In the third game of the 1985-1986 season, Michael Jordan broke a bone in his left foot and missed all but the last 15 games of the year. Jordan led the Chicago Bulls in scoring in eight of those games and he helped the Bulls make it to the postseason. If any of us thought Jerry Reinsdorf did not have regrets with allowing Jordan to come back, that is certainly not the case. Here are a few of the comments Reinsdorf offered when questioned about Derrick Rose's injury during a call into ESPN 1000:
"I made that mistake with Michael Jordan years ago where I think we let him come back too soon. It worked out OK, but it might not have. This time I am not going to make that mistake. Until the doctors say he's 100 percent and they put their reputations on the line, he's not coming back." Here are my thoughts on why I think Reinsdorf has the right idea.
One of the reasons why the Bulls should not attempt to accelerate Rose's return is the talent level of the remaining players on the roster. While no one can single-handedly replace his production, there are enough pieces in place to keep the Bulls in playoff contention until he returns in February, or even March. I still don't think they will win 50 games, but they are capable of making the playoffs. This will especially hold true if the bench shows the ability to complement the starters the way it has over the past two seasons.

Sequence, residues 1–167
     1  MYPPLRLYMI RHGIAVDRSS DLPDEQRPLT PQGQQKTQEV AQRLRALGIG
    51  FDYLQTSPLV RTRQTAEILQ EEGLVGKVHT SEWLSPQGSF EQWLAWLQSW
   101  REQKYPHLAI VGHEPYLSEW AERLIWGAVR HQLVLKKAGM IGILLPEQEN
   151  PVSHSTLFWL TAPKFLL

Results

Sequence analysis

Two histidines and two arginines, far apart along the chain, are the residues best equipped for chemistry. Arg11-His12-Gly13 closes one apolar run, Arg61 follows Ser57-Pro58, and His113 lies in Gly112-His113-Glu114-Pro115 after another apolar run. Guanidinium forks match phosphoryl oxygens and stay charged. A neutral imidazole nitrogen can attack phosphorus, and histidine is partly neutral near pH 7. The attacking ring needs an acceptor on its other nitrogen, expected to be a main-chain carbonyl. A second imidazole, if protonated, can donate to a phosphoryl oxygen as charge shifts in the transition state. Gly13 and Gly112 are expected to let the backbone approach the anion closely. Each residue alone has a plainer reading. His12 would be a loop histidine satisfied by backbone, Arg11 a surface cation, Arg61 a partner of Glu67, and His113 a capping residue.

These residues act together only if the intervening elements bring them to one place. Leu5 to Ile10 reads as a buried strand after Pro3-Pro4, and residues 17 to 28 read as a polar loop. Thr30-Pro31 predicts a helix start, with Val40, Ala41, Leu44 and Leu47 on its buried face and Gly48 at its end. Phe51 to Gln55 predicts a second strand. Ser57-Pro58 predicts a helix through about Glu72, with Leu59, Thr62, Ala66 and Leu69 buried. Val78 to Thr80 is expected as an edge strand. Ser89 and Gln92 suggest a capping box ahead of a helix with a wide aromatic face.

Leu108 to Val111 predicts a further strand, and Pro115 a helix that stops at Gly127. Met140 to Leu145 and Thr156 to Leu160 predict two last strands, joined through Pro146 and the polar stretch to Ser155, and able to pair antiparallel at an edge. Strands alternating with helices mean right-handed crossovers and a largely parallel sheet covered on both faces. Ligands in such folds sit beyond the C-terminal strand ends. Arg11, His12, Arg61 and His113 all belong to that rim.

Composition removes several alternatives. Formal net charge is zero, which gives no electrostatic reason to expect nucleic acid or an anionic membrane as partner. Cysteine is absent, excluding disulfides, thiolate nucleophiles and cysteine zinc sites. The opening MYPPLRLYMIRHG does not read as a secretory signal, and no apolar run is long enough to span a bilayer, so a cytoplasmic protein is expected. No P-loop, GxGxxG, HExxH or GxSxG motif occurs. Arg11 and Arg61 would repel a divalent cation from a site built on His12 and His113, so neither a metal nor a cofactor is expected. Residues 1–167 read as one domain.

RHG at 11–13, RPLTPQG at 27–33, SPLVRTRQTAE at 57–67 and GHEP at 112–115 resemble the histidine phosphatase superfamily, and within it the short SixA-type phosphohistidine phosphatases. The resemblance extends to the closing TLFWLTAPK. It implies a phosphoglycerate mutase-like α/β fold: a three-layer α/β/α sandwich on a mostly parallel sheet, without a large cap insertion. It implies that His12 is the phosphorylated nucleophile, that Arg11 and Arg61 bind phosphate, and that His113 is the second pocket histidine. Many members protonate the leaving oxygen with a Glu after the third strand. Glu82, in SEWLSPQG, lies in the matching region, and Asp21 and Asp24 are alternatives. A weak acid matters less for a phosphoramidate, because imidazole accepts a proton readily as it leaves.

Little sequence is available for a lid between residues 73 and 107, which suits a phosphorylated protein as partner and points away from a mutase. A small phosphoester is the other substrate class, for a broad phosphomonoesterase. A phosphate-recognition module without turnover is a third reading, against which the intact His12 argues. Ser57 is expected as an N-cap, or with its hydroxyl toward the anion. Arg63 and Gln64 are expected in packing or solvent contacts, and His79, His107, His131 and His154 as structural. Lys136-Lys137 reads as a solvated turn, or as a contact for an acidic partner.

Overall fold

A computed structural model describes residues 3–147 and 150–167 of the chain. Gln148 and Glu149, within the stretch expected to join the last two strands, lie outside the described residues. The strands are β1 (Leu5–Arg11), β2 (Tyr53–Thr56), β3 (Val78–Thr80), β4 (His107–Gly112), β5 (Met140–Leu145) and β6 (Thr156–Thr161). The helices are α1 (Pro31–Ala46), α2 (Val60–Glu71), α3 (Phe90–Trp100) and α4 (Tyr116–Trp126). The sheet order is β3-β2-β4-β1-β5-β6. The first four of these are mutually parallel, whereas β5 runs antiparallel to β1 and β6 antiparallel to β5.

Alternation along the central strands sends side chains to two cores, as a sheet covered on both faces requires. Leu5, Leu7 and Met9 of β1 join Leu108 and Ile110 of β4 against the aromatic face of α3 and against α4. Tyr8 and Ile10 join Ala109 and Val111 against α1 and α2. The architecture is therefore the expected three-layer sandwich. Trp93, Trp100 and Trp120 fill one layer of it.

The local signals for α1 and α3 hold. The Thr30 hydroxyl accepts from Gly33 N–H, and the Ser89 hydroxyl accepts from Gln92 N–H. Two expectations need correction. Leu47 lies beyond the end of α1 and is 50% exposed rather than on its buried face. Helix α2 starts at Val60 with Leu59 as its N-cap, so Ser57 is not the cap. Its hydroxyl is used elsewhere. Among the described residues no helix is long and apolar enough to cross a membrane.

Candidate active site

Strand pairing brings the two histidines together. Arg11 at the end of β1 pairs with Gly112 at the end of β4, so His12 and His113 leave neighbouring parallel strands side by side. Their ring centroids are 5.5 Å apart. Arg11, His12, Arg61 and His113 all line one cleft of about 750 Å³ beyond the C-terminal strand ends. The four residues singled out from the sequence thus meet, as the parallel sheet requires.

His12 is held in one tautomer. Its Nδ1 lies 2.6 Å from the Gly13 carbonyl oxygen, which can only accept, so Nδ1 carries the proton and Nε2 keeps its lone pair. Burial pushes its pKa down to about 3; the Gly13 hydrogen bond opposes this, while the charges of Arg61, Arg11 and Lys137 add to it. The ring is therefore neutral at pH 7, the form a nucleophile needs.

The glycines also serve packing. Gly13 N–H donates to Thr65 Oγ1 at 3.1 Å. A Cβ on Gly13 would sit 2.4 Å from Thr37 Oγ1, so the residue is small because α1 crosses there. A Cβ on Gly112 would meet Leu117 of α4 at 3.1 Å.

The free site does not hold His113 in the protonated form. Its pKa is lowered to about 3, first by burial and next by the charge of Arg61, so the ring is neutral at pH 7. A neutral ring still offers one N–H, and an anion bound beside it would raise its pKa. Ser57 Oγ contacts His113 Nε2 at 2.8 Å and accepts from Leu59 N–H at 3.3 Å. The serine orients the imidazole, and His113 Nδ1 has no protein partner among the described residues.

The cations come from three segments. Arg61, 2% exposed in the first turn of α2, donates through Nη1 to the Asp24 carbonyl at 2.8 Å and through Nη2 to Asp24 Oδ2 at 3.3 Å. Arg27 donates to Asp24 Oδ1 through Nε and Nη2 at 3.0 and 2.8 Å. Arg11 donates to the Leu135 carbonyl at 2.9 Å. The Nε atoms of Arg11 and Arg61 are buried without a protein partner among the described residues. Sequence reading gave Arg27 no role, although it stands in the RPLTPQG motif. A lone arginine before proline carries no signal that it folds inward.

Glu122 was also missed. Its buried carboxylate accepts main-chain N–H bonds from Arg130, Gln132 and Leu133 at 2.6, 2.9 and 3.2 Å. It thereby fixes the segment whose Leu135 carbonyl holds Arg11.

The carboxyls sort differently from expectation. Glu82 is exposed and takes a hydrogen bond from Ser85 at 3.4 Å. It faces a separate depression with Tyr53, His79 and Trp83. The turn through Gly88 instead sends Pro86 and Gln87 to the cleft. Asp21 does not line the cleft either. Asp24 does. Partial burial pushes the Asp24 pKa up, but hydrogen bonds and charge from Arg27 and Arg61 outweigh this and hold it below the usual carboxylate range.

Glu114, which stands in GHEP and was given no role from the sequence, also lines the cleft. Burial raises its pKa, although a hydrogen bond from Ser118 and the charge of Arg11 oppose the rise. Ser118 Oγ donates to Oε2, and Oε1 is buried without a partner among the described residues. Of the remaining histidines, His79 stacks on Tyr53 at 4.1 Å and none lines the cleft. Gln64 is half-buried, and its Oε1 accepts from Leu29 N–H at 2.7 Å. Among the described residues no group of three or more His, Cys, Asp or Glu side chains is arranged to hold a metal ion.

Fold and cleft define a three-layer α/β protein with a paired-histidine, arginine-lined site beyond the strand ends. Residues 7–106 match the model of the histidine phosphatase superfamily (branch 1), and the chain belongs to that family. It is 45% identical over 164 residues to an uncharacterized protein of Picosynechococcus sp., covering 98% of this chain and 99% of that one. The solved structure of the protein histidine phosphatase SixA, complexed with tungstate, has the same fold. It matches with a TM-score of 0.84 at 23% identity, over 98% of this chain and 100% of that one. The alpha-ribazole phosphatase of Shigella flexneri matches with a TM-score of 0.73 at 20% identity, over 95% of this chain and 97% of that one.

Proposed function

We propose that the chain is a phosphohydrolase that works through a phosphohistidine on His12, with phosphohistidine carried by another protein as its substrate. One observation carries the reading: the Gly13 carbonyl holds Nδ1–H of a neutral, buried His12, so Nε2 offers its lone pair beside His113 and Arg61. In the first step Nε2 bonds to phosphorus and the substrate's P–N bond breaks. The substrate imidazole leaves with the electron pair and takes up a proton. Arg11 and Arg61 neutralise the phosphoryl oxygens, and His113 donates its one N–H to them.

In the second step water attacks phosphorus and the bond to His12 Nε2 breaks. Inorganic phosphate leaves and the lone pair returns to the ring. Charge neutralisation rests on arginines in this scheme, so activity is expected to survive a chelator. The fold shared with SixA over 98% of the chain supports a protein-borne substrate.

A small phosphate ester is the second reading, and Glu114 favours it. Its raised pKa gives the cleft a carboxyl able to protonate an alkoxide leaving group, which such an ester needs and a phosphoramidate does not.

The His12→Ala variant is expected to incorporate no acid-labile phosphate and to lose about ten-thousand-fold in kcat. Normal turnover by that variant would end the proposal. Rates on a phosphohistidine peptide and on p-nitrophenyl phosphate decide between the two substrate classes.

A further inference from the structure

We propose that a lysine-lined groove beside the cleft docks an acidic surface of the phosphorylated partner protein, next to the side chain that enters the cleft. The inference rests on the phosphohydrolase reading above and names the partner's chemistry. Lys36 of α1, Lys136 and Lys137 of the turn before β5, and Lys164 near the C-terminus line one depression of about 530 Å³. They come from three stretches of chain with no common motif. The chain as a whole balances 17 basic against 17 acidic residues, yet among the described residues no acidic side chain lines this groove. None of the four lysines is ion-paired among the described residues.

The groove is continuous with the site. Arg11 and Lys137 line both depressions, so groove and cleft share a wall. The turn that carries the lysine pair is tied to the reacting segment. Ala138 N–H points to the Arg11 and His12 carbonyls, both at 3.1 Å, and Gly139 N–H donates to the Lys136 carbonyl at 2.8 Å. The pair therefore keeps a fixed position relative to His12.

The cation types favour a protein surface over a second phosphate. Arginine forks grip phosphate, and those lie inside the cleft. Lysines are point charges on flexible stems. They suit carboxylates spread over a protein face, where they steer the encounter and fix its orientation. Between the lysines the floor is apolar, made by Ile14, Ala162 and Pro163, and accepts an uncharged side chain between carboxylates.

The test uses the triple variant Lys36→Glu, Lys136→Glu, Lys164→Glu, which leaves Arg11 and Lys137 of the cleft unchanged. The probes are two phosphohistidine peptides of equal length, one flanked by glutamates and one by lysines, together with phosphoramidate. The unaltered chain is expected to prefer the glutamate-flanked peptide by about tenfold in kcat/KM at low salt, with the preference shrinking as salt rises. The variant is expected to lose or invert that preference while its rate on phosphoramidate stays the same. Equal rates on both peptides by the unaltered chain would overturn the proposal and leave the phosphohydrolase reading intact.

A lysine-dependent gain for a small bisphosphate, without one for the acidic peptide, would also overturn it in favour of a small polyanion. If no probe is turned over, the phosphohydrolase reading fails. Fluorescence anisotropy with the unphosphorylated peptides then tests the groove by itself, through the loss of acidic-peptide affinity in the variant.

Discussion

Prior to the start of the 2011-2012 season, the Bulls and Rose reached an agreement on a five-year deal worth approximately $95 million. With so much money invested in the franchise player, allowing him to return to the lineup ahead of schedule would be unwise to say the least. In doing so, Rose could re-aggravate the injury or risk suffering a different injury, which could cause him to miss the entire season altogether.
The Bulls won 50 games last year, 18 of those victories came with Rose out of the lineup. Whether or not the team will have the same level of success without its star point-guard next season remains to be seen. Even if the Bulls did miss the playoffs, it would be wise to keep him out until the injury has completely healed, rather than bringing him back too soon and risk jeopardizing his long-term future with the organization.
James Tillman III is a resident of the Chicago-land area, who has been a Bulls' fan since the 1987-1988 season. James is also a Featured Sports Contributor for Yahoo! Network and a Sports Journalist for Sports Rantz Magazine. Follow him on Twitter @jtillman9693
Rose will not be rushed back from knee surgery, Scott Powers, ESPN Chicago.com
Done tempting fate, Melissa Isaacson, ESPN Chicago.com